Types of College Savings Accounts
The probability of landing a job skyrocket when an individual has a college degree. It’s clear why two-thirds of high school graduates enroll in college the fall following high school, according to the Bureau of Labor Statistics. However, with so many students enrolling, not nearly as much are graduating. The dropout rates at most public universities are stratospheric. But why are students dropping out? What is the top reason? Money. That’s why knowing the types of college savings accounts options is so important.
Whether students find themselves drowning in debt by their junior year or unable to keep up with climbing tuition costs, money is a huge factor in the decision to remain enrolled. As a solution to this rising problem, there are certain types of savings accounts that parents can utilize to help their student get off to the right financial start. The key is starting early and remaining consistent so by the time your student starts college, money won’t be the reason they drop out.
When considering all of the different types of college savings accounts, it can be overwhelming deciding which one to go with. They all have different features that are unique to each type and that can even offer you benefits. Keep reading to learn the different types of college savings accounts.
There are 3 main types of college savings accounts: 529 plan, education savings accounts (ESAs) and custodial accounts. All 3 can make saving towards your child’s education easier and worthwhile. Below are some questions to ask yourself to narrow in on the best option for you.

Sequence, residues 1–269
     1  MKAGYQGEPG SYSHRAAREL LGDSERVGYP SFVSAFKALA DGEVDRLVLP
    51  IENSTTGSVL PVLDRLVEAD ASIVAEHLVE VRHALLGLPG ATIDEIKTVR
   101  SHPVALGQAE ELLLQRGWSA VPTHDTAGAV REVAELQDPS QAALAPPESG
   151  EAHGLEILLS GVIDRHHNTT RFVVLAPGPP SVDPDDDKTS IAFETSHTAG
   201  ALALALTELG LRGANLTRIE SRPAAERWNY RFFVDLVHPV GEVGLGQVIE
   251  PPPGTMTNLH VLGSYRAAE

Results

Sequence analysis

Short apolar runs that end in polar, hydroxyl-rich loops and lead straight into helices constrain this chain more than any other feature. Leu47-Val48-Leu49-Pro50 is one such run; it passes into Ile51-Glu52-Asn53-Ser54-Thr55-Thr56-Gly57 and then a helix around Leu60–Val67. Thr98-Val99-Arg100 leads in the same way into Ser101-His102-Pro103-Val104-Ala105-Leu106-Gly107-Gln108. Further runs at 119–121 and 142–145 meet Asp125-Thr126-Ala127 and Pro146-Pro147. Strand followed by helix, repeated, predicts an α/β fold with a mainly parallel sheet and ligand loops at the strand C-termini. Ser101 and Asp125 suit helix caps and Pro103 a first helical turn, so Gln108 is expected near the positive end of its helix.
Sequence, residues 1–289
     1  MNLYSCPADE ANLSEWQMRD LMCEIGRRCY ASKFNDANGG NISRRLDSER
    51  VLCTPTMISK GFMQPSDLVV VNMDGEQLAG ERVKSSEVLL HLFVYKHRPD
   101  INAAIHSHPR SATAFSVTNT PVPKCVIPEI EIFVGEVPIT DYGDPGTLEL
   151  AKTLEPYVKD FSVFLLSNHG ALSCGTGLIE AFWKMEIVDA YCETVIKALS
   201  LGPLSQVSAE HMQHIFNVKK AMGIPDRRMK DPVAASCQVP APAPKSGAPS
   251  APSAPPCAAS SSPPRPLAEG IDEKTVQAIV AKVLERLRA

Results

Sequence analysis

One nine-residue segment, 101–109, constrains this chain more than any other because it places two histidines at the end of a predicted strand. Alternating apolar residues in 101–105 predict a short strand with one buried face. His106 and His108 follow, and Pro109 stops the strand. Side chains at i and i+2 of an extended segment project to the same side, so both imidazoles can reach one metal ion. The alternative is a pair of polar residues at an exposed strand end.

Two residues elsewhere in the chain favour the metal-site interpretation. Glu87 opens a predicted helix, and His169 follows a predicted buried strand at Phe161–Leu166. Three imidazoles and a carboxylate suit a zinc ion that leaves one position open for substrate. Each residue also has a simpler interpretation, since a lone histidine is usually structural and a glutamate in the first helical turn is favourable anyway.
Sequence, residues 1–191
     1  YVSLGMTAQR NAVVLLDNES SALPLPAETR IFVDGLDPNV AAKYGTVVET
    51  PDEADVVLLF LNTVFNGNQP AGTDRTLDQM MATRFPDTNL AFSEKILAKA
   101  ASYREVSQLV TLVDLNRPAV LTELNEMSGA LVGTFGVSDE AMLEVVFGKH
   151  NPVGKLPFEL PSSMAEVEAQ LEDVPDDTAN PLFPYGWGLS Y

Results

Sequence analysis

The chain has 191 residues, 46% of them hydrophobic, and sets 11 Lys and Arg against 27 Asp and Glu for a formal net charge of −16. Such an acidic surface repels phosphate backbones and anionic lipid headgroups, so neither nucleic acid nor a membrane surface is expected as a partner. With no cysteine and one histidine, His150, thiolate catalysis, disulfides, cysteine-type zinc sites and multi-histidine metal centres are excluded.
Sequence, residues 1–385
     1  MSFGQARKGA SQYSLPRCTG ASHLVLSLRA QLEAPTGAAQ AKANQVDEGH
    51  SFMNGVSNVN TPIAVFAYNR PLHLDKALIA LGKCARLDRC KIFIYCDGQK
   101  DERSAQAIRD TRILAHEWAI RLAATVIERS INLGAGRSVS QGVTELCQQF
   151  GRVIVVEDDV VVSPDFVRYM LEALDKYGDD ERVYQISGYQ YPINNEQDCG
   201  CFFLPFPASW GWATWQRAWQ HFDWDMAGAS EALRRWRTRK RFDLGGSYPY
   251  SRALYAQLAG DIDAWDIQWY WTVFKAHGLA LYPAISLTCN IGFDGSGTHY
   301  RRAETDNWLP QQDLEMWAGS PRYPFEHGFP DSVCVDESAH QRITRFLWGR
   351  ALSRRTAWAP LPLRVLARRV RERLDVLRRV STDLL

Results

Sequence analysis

Questions to Ask Yourself
Will the funds I contribute be used towards college expenses?
This question may seem like a no-brainer, but it’s important to think about. The different types of college savings accounts impose a penalty if funds withdrawn are not used towards education.
For 529 plans and ESAs, the penalty is 10%. Coverdell funds can be withdrawn and used towards K through 12 education expenses. As of 2018, funds in 529 plans can be used to pay for tuition at elementary and secondary public, private, or religious schools.
If funds are not used towards education, penalties will apply and all earnings are taxed. Giving up money haphazardly is not what anyone wants to do. So be sure when you decide to open a college savings account, you are committed to using those funds towards higher education.
How much do you want to contribute each year?
Education savings accounts, like a Coverdell account, have limitations on the amount you can contribute each year. Coverdell accounts impose a 6% penalty on contributions in excess of its contribution threshold of $2,000 annually.
On the flip side, 529 plans generally do not have contribution limits as long as all proceeds are used towards education. However, gift tax rules could apply if contributions plus other gifts exceed $14,000.
Do you meet income requirements?
Different types of college savings accounts have different income requirements. Coverdell ESAs contributors cannot have adjusted gross income in excess of $190,000 for joint filers and $110,000 for single tax filers.
529 plans do not have income restrictions on the contributor or beneficiary.
Education Savings Account
An education savings account, a.k.a. ESA, is a tax-advantaged saving account designed to encourage saving for college and other post-secondary education expenses. Education expenses include tuition, fees, books, computer technology, room and board and any other qualified education expenses required for enrollment. Expenses do not include software designed for any other purpose other than education.
Compared to 529 plans, Coverdell plans offer a wider selection of investment options for the account holder to choose from. 529 plans have a much-limited selection of investment portfolio options.